Would You Trust a Robot to Change Your Baby's Nappy?
The recent focus on the development of driverless cars has brought automation and control very much into the public eye. Even the word Robot is a relative newcomer to the English language, originally appearing in 1920 in the novel “Rossum’s Universal Robots” by Karel Capek.
Looking back further though we find that Robots and fantastic machines have actually been part of science fiction long before they became fact. There was Talus, the "iron man" who mechanically helps Arthegall dispense justice in The Faerie Queene the epic poem by Edmund Spenser published in 1590. Or we could read about Olimpia the automaton who captivates the hero Nathanael so much he wishes to marry her in E. T. A. Hoffmann's Der Sandmann in 1814.
In more recent sci-fi we may have met Braman, a curiously named robot invented by Brains, appearing in three episodes of Thunderbirds (1965–1966), and the imaginatively named "Robot" in Lost in Space (1998), starring alongside Matt Le Blanc in the movie based on the TV series
Nowadays robots are accepted as part of everyday life, with barely a week going by without video footage of robots on car assembly lines https://www.youtube.com/watch?v=g4IlEyLIL50 appearing on the TV news.
A constant thread of the development history of robots has been the overarching question “where is the limit of their capabilities?”. Media productions such as Star Trek
and Ex Machina
have focused on the existence of droids with apparently fully human characteristics. These and other movies and TV shows have focused on the challenging social and moral issues around the place of human replica droids in society, a scenario which will be played out in real life in the not too distant future.
On a different tack, industrial robots have been constantly challenged by the question “what can a robot do?”
So, would you trust a robot to change your baby’s nappy?
If you’re still undecided, here are some examples of challenging tasks robots have achieved so far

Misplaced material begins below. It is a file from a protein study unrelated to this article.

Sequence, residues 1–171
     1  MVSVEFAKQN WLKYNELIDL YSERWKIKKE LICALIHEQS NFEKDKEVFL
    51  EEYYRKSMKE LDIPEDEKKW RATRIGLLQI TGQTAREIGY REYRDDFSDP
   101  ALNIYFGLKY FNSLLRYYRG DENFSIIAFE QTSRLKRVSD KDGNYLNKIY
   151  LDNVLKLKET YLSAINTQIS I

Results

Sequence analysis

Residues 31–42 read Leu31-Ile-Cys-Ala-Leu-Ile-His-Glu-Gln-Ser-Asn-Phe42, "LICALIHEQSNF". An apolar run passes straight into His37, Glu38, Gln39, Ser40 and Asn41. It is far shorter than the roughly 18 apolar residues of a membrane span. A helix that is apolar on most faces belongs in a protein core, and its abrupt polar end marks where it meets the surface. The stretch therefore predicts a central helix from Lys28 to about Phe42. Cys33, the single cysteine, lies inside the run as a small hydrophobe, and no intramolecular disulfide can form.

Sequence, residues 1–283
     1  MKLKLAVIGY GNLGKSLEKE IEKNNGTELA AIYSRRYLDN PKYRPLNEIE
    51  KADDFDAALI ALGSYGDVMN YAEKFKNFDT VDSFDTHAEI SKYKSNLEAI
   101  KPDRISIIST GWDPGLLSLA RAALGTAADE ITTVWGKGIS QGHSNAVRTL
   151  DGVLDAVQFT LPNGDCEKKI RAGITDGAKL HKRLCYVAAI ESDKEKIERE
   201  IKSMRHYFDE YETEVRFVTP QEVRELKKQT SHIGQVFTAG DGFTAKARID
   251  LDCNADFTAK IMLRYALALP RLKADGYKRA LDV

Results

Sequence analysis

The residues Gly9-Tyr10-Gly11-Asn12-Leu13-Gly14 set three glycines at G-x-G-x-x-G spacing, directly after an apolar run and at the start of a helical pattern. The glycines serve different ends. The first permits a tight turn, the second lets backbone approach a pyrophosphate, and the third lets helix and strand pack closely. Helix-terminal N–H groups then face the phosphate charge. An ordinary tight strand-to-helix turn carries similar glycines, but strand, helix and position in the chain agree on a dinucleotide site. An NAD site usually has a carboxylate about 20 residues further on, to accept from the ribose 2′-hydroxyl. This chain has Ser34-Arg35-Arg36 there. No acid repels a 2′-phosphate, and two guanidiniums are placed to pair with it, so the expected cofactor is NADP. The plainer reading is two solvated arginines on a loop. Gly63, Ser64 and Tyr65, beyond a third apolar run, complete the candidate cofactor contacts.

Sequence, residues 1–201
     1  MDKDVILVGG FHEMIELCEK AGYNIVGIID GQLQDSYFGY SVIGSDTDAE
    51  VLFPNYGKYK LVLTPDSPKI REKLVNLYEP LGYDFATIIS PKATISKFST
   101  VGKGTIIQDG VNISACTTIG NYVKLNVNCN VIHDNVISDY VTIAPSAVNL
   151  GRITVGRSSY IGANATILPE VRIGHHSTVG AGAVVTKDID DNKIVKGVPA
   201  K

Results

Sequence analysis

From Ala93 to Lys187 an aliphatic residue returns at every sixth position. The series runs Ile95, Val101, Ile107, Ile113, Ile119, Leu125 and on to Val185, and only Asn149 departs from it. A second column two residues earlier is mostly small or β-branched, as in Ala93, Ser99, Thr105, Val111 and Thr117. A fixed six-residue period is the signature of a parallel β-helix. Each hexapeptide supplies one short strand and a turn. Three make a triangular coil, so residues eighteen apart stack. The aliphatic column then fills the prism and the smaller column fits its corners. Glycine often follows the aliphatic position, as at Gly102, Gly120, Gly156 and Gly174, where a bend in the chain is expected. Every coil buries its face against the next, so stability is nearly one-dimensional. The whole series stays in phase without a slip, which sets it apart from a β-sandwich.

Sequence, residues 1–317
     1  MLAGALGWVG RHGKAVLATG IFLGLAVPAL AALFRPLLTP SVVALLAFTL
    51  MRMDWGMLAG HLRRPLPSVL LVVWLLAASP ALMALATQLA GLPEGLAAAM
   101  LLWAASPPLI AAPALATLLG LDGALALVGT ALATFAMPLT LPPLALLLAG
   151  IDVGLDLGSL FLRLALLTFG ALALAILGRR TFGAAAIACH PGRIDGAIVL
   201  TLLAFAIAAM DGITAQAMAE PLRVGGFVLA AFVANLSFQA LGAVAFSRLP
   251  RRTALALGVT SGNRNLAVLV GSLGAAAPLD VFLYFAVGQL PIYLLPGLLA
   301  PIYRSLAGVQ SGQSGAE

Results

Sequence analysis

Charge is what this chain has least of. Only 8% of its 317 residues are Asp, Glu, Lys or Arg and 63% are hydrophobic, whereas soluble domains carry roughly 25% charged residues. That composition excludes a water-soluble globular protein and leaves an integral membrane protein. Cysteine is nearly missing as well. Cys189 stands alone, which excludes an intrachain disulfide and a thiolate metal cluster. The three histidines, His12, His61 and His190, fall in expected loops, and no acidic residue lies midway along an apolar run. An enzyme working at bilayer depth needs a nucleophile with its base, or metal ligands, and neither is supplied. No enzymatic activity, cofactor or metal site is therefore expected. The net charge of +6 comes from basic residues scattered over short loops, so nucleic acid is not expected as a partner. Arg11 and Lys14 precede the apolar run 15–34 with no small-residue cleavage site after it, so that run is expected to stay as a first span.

Whilst driverless vehicles are being portrayed as breaking news in the control technology world, part of my own experience dating back more than 20 years is as a Project Manager for self-guided vehicles, working in industrial materials handling environments.
These vehicles were the clever version of the wire-following AGVs and in contrast did navigate their own optimised routes around their working environments following software defined road systems. Task allocation was completed by radio link and the actual navigation was carried out by triangulation from a rotating laser scanner on the vehicle.
Despite being separated by decades of history the key issues surrounding the introduction of these industrial vehicles has much in common with the much publicised aspects surrounding driverless vehicles on public highways. Clearly safety is a prominent talking point. In both examples, humans are operating in the same space as the vehicles. Control systems technology needs to be implemented to replace the “direction” previously offered by the human driver of traditional vehicles. Whilst we all know “to err is human”, somehow we expect technological systems to be infallible, removing the risk of accidents. So, through the application of compliance and risk assessment procedures we humans produce systems which are designed to be safe and reliable in all circumstances. Many of the products RS offer are relevant to the design of such systems.
The future presents an ever larger canvas on which RS can help paint the picture of technological innovation, and we are all holding the brush! Stay tuned for further updates...